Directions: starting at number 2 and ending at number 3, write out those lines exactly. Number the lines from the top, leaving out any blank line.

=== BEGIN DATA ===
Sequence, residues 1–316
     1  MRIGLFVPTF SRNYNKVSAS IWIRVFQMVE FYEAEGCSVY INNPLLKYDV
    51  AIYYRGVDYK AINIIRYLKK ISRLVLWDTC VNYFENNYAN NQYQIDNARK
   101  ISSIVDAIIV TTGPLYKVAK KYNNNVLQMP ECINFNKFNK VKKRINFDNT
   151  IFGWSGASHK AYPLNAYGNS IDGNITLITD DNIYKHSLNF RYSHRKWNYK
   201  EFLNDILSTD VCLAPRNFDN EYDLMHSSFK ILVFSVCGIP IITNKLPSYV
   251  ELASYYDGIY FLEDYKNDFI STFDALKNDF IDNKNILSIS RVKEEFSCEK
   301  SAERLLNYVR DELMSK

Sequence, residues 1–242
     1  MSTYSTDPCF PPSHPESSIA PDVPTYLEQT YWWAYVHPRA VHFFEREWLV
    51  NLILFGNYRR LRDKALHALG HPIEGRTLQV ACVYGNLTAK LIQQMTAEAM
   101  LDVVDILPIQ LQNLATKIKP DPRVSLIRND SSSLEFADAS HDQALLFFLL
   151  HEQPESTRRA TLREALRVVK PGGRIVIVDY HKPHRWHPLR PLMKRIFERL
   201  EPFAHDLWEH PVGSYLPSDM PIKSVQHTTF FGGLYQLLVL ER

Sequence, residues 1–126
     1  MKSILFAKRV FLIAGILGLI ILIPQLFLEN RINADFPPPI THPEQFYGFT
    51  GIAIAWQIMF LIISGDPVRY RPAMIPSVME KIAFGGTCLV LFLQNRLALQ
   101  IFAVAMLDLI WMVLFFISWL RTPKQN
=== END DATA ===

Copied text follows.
     1  MRIGLFVPTF SRNYNKVSAS IWIRVFQMVE FYEAEGCSVY INNPLLKYDV
    51  AIYYRGVDYK AINIIRYLKK ISRLVLWDTC VNYFENNYAN NQYQIDNARK